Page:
Associations of BMI and Serum Urate with Developing Dementia: A Prospective Cohort Study

Zhi Cao, Chenjie Xu, Hongxi Yang, Shu Li, Fusheng Xu, Yuan Zhang, Yaogang Wang
Journal of Clinical Endocrinology and Metabolism 2020 September 12

CONTEXT: Recent studies suggested that higher BMI and serum urate levels were associated with lower risk of developing dementia. However, these reverse relationships remain controversial, and whether serum urate and BMI confound each other is not well established.

OBJECTIVES: To investigate the independent associations of BMI and urate, as well as their interaction with the risk of developing dementia.

DESIGN AND SETTINGS: We analyzed a cohort of 502,528 individuals derived from the UK Biobank that included people aged 37 to 73 years for whom BMI and urate were recorded between 2006 and 2010. Dementia was ascertained at follow-up using linkage to electronic health records.

RESULTS: During a median of 8.1 years of follow-up, a total of 2138 participants developed dementia. People who were underweight had an increased risk of dementia (hazard ratio [HR] = 1.91, 95% confidence interval [CI]: 1.24-2.97) compared with people of healthy weight. However, the risk of dementia continued to fall as weight increased, as those who were overweight and obese were 19% (HR = 0.81, 95%: 0.73-0.90) and 22% (HR = 0.78, 95% CI: 0.68-0.88) less likely to develop dementia than people of healthy weight. People in the highest quintile of urate were also associated with a 25% (HR = 0.75, 95% CI: 0.64-0.87) reduction in the risk of developing dementia compared with those who were in the lowest quintile. There was a significant multiplicative interaction between BMI and urate in relation to dementia (P for interaction = 0.004), obesity strengthens the protective effect of serum urate on risk of dementia.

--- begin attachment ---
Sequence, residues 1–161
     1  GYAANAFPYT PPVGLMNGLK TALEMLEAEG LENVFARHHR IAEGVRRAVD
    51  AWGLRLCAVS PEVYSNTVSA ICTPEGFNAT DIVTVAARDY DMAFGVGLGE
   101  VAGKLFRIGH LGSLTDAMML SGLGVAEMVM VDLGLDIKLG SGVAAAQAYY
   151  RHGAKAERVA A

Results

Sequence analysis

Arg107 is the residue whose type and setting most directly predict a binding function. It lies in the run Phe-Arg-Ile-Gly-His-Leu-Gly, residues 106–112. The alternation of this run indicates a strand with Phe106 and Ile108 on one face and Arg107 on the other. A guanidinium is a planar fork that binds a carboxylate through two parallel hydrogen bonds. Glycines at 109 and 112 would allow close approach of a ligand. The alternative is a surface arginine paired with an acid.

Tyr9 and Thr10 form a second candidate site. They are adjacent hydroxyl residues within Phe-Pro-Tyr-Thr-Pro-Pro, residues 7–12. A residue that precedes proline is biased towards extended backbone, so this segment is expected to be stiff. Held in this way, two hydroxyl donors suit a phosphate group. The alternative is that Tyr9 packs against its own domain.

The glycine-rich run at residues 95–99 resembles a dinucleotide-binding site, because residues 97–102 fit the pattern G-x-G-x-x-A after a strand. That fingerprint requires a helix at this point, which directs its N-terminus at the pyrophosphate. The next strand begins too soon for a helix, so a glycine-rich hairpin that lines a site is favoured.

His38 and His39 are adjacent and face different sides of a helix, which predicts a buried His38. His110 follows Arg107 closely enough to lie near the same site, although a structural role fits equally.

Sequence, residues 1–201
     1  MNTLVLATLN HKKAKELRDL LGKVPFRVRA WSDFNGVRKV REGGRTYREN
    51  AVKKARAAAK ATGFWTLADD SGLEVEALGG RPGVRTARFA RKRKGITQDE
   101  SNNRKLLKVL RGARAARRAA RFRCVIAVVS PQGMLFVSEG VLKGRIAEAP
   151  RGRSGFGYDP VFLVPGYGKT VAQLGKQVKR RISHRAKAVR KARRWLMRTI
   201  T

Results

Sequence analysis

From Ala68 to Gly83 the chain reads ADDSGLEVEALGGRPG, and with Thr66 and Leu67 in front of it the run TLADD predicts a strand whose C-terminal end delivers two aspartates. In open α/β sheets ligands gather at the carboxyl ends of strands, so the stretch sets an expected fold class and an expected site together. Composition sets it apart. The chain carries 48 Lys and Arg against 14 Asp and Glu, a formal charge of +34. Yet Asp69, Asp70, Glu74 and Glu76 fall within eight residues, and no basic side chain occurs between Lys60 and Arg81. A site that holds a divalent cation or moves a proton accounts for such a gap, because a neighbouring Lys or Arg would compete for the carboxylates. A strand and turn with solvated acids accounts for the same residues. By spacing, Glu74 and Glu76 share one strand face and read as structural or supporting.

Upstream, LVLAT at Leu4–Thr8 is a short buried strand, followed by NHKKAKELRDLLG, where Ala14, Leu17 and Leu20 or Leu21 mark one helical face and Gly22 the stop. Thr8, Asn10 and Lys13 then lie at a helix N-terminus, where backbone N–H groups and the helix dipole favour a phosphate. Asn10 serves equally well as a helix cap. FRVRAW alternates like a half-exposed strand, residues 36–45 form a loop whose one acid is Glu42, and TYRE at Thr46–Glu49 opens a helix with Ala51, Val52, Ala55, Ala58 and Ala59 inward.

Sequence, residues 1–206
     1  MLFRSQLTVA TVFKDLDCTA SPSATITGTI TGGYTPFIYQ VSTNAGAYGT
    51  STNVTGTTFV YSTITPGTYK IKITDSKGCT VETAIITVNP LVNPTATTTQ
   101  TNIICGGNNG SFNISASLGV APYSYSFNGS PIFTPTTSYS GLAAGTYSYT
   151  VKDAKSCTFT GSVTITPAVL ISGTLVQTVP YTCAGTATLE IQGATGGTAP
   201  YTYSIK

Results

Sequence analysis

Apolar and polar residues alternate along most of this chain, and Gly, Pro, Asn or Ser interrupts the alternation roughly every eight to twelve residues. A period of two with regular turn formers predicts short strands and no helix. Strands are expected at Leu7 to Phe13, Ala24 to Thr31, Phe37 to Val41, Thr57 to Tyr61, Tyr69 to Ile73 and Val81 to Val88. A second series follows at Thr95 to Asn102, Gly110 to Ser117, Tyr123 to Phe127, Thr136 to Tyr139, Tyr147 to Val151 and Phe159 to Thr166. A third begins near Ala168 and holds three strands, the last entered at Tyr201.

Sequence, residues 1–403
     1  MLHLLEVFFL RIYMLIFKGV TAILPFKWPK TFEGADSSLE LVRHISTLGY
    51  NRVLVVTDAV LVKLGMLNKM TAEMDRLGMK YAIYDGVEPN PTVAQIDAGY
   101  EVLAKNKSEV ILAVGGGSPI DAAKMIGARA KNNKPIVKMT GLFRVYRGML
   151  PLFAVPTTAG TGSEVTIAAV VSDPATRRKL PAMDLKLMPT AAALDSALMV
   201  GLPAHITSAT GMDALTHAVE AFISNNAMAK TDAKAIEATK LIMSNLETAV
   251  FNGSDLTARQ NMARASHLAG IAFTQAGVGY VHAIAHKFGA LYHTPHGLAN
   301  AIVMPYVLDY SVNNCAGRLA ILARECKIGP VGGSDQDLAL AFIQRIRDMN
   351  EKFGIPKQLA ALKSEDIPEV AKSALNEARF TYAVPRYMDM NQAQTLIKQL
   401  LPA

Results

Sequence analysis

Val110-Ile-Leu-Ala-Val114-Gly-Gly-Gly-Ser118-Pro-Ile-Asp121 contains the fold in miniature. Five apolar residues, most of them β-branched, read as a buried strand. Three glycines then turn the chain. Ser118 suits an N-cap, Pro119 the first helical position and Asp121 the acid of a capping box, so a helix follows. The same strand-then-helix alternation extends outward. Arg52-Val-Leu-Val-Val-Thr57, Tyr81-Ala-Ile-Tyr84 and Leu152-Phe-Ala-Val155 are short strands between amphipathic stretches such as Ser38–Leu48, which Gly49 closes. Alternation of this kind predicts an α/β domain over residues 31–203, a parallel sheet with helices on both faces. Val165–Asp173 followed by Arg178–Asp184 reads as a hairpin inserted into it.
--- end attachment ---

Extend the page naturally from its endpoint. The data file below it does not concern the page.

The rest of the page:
CONCLUSION: Both BMI and urate are independent predictors of dementia, and there are inverse monotonic and dose-response associations of BMI and urate with dementia.

Full Text Links

Find Full Text Links for this Article


You are not logged in. Sign Up or Log In to join the discussion.

Related Papers

Remove bar
Read by QxMD icon Read

Save your favorite articles in one place with a free QxMD account.


Search Tips

Use Boolean operators: AND/OR

diabetic AND foot
diabetes OR diabetic

Exclude a word using the 'minus' sign

Virchow -triad

Use Parentheses

water AND (cup OR glass)

Add an asterisk (*) at end of a word to include word stems

Neuro* will search for Neurology, Neuroscientist, Neurological, and so on

Use quotes to search for an exact phrase

"primary prevention of cancer"
(heart or cardiac or cardio*) AND arrest -"American Heart Association"